The recent elections illustrate the importance of proper tax planning. President-elect Donald Trump has vowed to repeal the estate tax and replace the “death tax” with a capital gain tax on assets upon the owner’s death. Democrats vow to block any such efforts and plan to reduce the gift tax exception to $1 million. This volatility means that the perfect time for estate planning is now, before any extreme changes are made that limit planning tools that are currently available.
Estate tax is a 40% tax that is applied to the fair market value of a decedent’s estate or transfers in the form of gifts during his or her lifetime. In order to limit the double taxation effect of the estate taxes, Congress allowed for a tax credit to allow for a small estate, or an estate with assets of less than $5.45 million, to be exempt. This credit allows for a lifetime exclusion, per person, to transfer up to $5.45 million without being subject to tax.
An extremely popular tax planning technique to minimize estate taxes is by transferring assets that are held in privately-owned businesses at a reduced fair market value. The fair value of a privately-held business is different from the market value of a publicly-traded stock because of the lack of marketability. Likewise, shares with significant influence or control of a business are more valuable than debt or equity with no voting rights. These concepts provide for a discount that can shrink the appraised value of a business asset by up to 40% and can be used to minimize any estate or gift taxes.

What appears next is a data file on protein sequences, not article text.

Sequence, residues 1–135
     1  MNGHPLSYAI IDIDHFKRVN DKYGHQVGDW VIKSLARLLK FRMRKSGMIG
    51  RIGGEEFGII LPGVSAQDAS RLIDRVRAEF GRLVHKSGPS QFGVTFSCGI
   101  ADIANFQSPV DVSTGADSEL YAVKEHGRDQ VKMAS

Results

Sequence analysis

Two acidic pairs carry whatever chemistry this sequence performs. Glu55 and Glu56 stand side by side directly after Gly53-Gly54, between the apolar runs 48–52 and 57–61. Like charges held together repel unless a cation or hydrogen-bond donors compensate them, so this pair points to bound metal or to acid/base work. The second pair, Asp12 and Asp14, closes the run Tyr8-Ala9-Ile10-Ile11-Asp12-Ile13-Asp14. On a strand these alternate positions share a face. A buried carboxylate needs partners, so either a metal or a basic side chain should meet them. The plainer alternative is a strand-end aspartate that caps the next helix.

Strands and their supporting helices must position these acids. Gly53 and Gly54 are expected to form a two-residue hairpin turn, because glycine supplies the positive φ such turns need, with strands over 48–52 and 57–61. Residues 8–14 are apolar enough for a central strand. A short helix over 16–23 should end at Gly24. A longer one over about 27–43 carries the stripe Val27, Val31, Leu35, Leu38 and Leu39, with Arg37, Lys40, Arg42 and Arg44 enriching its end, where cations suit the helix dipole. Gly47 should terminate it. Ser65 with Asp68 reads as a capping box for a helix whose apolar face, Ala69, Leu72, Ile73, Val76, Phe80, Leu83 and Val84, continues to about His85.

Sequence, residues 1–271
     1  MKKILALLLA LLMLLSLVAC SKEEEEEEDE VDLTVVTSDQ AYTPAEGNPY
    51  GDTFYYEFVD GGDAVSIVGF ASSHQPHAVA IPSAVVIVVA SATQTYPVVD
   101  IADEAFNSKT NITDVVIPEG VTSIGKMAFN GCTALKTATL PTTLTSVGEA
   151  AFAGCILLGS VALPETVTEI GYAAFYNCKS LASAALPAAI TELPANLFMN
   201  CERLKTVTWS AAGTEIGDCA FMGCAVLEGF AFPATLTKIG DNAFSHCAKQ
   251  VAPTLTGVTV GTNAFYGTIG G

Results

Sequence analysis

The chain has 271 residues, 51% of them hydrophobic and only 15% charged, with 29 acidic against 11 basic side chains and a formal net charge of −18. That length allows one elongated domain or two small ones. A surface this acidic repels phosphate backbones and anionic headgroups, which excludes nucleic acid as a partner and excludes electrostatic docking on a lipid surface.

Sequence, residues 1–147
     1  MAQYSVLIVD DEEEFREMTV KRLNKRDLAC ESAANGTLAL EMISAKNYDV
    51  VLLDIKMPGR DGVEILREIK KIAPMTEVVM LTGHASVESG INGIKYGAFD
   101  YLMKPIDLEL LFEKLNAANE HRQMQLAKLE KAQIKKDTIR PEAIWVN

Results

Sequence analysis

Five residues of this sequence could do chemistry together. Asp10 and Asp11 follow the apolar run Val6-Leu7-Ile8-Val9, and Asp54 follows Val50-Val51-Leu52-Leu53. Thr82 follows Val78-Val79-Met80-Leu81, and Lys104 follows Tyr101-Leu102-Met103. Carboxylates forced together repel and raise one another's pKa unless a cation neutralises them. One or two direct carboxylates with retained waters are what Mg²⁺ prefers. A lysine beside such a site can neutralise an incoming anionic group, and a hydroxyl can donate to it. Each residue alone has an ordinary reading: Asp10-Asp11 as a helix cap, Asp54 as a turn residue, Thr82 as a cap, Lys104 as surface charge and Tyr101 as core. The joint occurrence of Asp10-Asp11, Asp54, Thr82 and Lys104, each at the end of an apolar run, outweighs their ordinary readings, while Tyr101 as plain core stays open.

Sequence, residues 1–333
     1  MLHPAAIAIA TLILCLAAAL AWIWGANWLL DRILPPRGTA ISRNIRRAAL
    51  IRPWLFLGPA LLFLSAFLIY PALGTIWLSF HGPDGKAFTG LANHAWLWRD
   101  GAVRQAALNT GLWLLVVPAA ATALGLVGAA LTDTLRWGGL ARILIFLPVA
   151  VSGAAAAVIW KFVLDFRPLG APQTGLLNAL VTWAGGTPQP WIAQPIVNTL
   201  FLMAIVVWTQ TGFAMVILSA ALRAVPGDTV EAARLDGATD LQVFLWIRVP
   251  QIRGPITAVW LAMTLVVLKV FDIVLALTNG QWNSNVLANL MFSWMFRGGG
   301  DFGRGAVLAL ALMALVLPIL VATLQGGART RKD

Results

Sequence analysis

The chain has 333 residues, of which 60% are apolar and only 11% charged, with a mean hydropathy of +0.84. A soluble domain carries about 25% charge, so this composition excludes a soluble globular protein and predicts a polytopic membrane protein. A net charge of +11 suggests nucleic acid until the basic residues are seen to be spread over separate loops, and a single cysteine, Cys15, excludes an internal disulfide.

The Treasury Department stated its desire to eliminate these valuation techniques by 2017. This will increase the value of businesses for estate or inheritance tax purposes, including capital gain taxes as proposed by the incoming administration.
Estate planning involves more than just Federal taxes. Most states levy inheritance taxes and may have restrictions on any Federal tax planning. In addition, basic estate planning documents and trusts can be used to protect assets from creditors, predators or divorce. Finally, business planning and succession may be necessary to specify business continuity while providing for family members who are not involved in the business.
estate planning - estate tax - tax
August 29, 2016 | BY Shulem Rosenbaum
Your Inheritance Is At Risk: Uncle Sam Wants a Bigger Piece
Elvis Presley may still be alive, but the Internal Revenue Service collected a whopping 73% of his estate in taxes. Financial titans and politically connected men such as J.P. Morgan, John D. Rockefeller Sr. and Frederick Vanderbilt lost a significant majority of their wealth due to estate shrinkage. All this was a result of poor estate planning. Estate planning allows an individual to transfer wealth during his life and after his death with the least possible negative tax consequences. There are various devices used to transfer property to family and friends, and an essential tool for estate planning are the valuation discounts. However, on August 2, 2016, the Treasury Department published Proposed Regulations that may substantially reduce the availability of valuation discounts for estate planning purposes.
What is estate planning?